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We are deep into an election season when a vital question is who shows up? Karen Grigsby Bates of NPR's Code Switch team met people who want to grab young voters' attention by making them laugh.
KAREN GRIGSBY BATES, BYLINE: A new campaign called Call the Cops started a few days ago, and its 30-second spots are popping up on the Internet. In one, a guy with a laptop is sitting on a cafe patio. He looks disgustedly into his recyclable cup as a stunning young black woman pulls up a chair.
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UNIDENTIFIED ACTOR #1: (As Todd) The coffee here sucks.
UNIDENTIFIED ACTOR #2: (As character) You know what else sucks, Todd? Voter suppression.
UNIDENTIFIED ACTOR #1: (As Todd) How did you know my name?
UNIDENTIFIED ACTOR #2: (As character) Do you plan on voting?
UNIDENTIFIED ACTOR #1: (As Todd) No.
UNIDENTIFIED ACTOR #2: (As character) Why is that?
UNIDENTIFIED ACTOR #1: (As Todd) Because the parties don't represent me. The system is broken. Am I right?
GRISBY BATES: So the woman whips out her phone and makes a call.
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UNIDENTIFIED ACTOR #2: (As character) 911, I'd like to report a raggedy ass hipster who thinks he's going to be the next Tarantino. (Laughter) I know, that's going to happen. He doesn't plan on voting.
UNIDENTIFIED ACTOR #3: (As character) Can you describe him?
UNIDENTIFIED ACTOR #2: (As character) Oh, I can describe him. He's white. Good luck with that movie.
UNIDENTIFIED ACTOR #1: (As Todd) Will you please be in it?
UNIDENTIFIED ACTOR #2: (As character) No, dude.
GRISBY BATES: It's a flip on all the white people - the barbecue Beckys, the pool patrol Pauls, the Starbucks Susies - who have called the police on black people just doing stuff - grilling in the park, using the condo pool, waiting in a coffee shop for a business partner. Only in this video, black people are calling the police on white ones they think are being irresponsible citizens. Tara McGowan heads ACRONYM, the nonprofit agency that commissioned the four videos that are popping up on your mobile devices. She gets that they're taking a risk riffing off whites policing black bodies for this campaign's cheeky reverse parody.
TARA MCGOWAN: There's nothing funny about that, but I do think that tying that to civic engagement and using your vote to really make a stand about what kind of country you want to live in and the direction you want this country to go in, I think that can be really powerful.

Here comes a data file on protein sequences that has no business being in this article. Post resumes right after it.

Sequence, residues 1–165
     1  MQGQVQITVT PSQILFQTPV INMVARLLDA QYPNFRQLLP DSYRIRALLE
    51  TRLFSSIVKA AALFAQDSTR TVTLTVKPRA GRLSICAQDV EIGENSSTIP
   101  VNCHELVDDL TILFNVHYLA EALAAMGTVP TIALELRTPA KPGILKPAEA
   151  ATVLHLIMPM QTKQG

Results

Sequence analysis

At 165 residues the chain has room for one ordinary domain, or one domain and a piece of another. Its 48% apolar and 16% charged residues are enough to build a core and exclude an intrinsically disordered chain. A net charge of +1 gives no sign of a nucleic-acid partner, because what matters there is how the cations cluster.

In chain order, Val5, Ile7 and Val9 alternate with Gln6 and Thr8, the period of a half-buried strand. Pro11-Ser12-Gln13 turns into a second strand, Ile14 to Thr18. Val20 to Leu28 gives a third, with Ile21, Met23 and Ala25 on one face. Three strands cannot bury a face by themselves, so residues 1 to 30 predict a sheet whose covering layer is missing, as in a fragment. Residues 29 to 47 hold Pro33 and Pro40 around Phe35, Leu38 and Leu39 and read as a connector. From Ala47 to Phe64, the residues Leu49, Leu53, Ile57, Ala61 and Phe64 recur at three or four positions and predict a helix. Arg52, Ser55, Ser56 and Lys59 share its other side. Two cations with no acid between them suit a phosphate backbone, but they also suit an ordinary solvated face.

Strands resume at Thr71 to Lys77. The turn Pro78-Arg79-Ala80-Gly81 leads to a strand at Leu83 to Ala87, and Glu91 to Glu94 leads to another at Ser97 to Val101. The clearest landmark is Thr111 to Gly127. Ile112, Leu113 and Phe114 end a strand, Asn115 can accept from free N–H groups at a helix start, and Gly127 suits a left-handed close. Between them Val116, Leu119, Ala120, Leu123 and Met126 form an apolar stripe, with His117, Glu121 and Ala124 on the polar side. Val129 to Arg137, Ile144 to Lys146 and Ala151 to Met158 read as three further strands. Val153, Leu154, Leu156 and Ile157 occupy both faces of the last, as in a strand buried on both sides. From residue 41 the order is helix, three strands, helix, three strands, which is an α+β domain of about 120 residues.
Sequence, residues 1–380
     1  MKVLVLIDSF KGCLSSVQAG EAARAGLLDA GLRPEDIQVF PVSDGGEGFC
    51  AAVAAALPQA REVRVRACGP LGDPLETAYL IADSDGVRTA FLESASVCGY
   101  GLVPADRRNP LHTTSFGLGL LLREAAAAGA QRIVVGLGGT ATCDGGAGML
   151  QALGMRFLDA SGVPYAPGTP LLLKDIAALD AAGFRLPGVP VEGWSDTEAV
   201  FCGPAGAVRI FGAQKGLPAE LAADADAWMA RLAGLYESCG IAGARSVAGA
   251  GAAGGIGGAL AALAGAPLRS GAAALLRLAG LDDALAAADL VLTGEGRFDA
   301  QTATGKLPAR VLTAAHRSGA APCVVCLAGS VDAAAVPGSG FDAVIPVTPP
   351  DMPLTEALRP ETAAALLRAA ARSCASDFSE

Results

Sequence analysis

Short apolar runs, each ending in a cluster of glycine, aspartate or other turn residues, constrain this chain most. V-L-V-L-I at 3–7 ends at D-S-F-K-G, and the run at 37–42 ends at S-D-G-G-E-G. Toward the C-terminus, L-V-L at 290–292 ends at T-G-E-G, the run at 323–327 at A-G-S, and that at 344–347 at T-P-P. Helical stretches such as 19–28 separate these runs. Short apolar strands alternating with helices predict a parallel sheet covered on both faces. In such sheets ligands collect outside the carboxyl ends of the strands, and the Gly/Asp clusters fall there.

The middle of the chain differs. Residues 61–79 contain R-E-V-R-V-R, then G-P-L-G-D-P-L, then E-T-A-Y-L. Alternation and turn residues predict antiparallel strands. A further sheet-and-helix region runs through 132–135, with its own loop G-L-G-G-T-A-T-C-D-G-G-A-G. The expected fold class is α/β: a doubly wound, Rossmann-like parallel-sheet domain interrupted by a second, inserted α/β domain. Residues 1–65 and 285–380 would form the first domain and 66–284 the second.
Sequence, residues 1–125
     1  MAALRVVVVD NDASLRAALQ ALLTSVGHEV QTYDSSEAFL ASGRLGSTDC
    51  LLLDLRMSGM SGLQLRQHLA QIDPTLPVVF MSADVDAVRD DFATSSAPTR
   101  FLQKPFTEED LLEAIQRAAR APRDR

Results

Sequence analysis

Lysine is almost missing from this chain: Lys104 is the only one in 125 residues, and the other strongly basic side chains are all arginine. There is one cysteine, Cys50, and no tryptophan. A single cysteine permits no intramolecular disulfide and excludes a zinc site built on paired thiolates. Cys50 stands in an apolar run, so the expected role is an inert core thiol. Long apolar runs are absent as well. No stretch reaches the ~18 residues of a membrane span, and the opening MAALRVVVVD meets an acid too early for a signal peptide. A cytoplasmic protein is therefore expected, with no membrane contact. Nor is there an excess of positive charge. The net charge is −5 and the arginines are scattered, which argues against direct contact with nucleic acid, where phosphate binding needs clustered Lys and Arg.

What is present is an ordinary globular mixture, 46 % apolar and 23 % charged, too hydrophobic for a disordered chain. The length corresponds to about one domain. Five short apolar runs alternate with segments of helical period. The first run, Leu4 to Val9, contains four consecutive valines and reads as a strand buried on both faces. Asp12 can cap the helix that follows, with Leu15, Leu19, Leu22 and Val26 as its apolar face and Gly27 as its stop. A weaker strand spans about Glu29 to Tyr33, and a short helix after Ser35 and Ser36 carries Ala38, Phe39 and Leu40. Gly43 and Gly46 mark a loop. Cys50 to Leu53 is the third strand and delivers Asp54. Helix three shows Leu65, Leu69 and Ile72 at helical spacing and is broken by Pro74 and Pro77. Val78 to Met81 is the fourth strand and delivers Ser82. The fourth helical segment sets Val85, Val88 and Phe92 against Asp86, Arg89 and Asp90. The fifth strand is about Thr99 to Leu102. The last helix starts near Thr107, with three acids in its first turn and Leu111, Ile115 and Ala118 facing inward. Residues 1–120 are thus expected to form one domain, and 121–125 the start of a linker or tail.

GRISBY BATES: ACRONYM works to elect progressive candidates via targeted digital media campaigns. McGowan says Call the Cops is part of the Knock the Vote project, which has a specific goal.
MCGOWAN: It is a program designed specifically for voters who may not vote in all elections or especially midterm elections.
GRISBY BATES: The company approached director Malcolm D. Lee to help write and direct the spots. Lee's work includes "Night School" and last year's hit comedy "Girls Trip." The idea of a direct plea to voters appealed to him.
MALCOLM D. LEE: You know, I think it's just important for people to just be aware. And, like, we're not telling you to vote for somebody in particular but, like, hey - but you got to vote. You got to get involved in the process.
GRISBY BATES: So he sat down with ACRONYM's creative director, Vince Murphy, who, by the way, is black, and devised the "Call The Cops" series. There's the hipster, a suburban mom and a worried black man played by "The Daily Show's" Roy Wood Jr. who's calling the cops on a group of selfie-takers.
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ROY WOOD JR.: (As character) Excuse me. Have y'all made plans to vote in November?
UNIDENTIFIED ACTOR #4: (As character, laughter) No.
UNIDENTIFIED ACTOR #5: (As character) Hello, 911.
WOOD: (As character) 911, I'd like to report an emergency in the park. There's three white women just taking selfies - triple-selfie in progress. They're using filters, emojis, the same picture over and over again, wearing pajamas. And they literally have no plans of voting in November.
UNIDENTIFIED ACTOR #6: (As character) Excuse me. That's not illegal.
WOOD: (As character) Please hurry. I can smell the avocado toast.
GRISBY BATES: Tara McGowan says most of the responses they've received have been positive. And even if a minority of people are offended, she says, getting their attention is half the battle.
MCGOWAN: If we elicit an emotional response, we think we're doing a pretty good job.
GRISBY BATES: Malcolm Lee wants humor to draw in people who see these spots.
LEE: Once you get people laughing and their mouths are open, you can slip the truth in.
GRISBY BATES: And he says the truth is midterm elections count.
LEE: There's not enough people who vote in the midterms, and those that do, you know, get their person in.
GRISBY BATES: "Call The Cops" videos will run through Election Day. Karen Grigsby Bates, NPR News.
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